Lucky 7

Lucky 7

July, it could be said, has been a lucky month for the powers that be....Lucky 7

After what appears to be an inordinate amount of time, the Supreme Court has finally handed down its decision in Coventry – v – Lawrence. The issue in question being, were the CFA regulations in place prior to April 2013 incompatible with Article 6 of The European Convention on Human Rights?

A majority decision of 5 to 2 ruled in favour of compatibility (Lord Clarke, former MR and Lady Hale, deputy president of the Court dissenting) and therefore providing once and for all a conclusive answer to this contentious issue that remained unquestioned by a generation of Judges and was all but abolished by the Jackson reforms.

Was it all necessary? The Judgment consists of nearly 50 pages and although it contains some interesting analysis it raises the question as to the overall cost and who pays? The hearing was over 3 days and involved in excess of 20 Barristers and 8 interveners, the combined expense must be enormous. Were the Courts ever likely to expose the Government to the consequences of finding that the CFA regulations were in fact incompatible?

Lords Neuberger and Dyson, who delivered the decision concluded that while in some individual cases the scheme might be said to have interfered with a defendant’s right of access to justice, it was necessary to concentrate on the scheme as a whole.

In a recent announcement the Ministry of Justice revealed further plans to increase Court Fees, clearly to enhance the principle of access to justice (but only if you can afford it).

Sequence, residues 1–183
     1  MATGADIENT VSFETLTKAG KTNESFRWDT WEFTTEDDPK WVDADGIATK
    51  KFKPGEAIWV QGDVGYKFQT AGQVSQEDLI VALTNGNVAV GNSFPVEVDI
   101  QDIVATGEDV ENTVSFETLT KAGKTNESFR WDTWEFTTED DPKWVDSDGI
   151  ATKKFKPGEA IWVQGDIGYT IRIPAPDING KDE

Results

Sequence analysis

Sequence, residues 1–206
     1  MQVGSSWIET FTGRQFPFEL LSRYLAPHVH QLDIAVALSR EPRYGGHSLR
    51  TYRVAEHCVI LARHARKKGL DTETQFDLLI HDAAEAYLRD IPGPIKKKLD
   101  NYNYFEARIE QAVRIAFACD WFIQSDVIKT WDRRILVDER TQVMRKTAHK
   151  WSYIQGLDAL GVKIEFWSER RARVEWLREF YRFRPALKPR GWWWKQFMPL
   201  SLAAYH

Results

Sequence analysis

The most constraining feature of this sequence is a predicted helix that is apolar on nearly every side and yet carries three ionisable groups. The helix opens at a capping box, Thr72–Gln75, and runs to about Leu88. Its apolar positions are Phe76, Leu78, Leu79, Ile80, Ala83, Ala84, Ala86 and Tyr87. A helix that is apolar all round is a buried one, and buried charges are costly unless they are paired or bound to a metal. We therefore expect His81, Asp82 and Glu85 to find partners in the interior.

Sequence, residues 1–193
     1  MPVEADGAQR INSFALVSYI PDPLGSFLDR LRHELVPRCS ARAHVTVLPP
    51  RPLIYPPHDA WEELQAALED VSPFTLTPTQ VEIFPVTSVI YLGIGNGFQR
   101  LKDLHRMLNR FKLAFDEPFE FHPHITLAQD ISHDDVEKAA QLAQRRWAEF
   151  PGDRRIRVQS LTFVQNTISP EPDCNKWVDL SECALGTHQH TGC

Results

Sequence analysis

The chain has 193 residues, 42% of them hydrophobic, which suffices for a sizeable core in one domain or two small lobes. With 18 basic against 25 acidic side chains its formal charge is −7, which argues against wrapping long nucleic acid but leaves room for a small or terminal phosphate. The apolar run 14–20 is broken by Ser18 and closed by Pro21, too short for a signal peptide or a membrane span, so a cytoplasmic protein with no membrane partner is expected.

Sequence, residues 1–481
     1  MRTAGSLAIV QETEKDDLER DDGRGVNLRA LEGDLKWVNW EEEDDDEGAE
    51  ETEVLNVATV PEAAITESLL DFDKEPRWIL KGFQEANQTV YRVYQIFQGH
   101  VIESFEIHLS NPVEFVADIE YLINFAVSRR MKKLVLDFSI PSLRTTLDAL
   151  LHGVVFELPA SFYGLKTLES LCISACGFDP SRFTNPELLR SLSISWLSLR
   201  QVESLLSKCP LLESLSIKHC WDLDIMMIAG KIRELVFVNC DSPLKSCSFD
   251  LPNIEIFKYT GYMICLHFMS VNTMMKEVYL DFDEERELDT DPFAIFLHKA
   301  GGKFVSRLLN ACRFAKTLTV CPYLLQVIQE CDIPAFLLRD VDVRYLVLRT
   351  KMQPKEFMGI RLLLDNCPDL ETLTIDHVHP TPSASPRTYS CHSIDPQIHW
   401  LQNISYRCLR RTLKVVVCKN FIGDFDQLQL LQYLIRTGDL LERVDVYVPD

The maximum fee for money claims would rise from £10,000 to £20,000. Fees are currently payable on 5% of the value of a claim up to a maximum fee of £10,000. Fees for possession claims increase by £75 to £355 and general applications will increase by £50 (if by consent) and £100 (if contested).

Fees for Divorce proceedings also increase from £410 to £550, these three measures would bring an additional £60m into the MOJ’s coffers.

It is also an interesting point that there will be no increase in the fees for personal injury and clinical negligence claims, could this be that these fees are ultimately paid by the insurers (as if there hasn’t been enough done on their behalf) and the Government the via NHSLA.

Add this to Michael Gove’s proposed closure of up to 25% of the “underused” Courts it is difficult to see how these measures assist “the man on the Clapham omnibus) to achieve justice.

This week saw Barristers join Solicitors in strike action after the CBA voted in favour of same on 15th July.

On Thursday 23rd July, criminal Legal Aid lawyers met with Michael Gove to discuss a solution – none was reached. Surprisingly, although the CBA were invited to the meeting, they chose not to attend. This concerned many Solicitors who are of the belief that Barristers are more popular with Mr.Gove than Solicitors, him having previously agreed not to reduce Barristers’ fees.

Practitioners groups are due to meet with MOJ officials on Monday 3rd August, Mr.Gove will however not be in attendance. One can only hope that common sense prevails in the end. It has been nice to see the building support over Twitter which hopefully will conquer the obvious divide and rule attempt by the MOJ #notafatcat #saveukjustice – long may it continue.